In the final chapter of La Fiesta del Chivo (The Feast of the Goat), Samson the parrot plays a recurring role. Here are a few examples:
Her reply is a sudden jabbering. The five women turn their heads: Samson is awake and announces it by chattering. [...]
Samson, who has been quiet for awhile, displays his pleasure or displeasure again by puffing out his feathers and shrieking. No one says anything. [...]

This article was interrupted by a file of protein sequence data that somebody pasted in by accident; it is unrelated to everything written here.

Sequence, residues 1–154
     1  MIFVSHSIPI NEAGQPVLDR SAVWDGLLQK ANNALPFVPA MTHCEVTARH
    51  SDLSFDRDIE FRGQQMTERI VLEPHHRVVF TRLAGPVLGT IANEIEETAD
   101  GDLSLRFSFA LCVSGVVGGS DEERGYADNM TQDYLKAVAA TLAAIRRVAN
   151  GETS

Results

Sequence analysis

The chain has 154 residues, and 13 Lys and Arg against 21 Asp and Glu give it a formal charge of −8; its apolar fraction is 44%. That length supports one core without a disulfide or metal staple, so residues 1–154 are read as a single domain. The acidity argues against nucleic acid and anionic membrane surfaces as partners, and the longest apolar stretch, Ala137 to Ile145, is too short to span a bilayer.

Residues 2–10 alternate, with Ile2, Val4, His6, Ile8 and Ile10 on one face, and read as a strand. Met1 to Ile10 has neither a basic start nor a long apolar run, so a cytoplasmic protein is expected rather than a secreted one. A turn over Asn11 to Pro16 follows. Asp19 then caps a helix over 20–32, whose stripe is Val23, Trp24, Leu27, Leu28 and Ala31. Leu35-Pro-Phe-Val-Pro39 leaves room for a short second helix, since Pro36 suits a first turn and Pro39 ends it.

Samson has begun to move nervously around the bars of his cage; he sways back and forth, stops, sharpens his beak on his claws.
These short interludes are interspersed in Urania's recounting of her most tightly held secret, but I don't recognize any real pattern. I suppose it's possible that Vargas Llosa simply wanted a light way to interrupt the story, but I suspect it's more than that. What is the purpose and/or meaning of Samson's interjections through this crucial part of the story?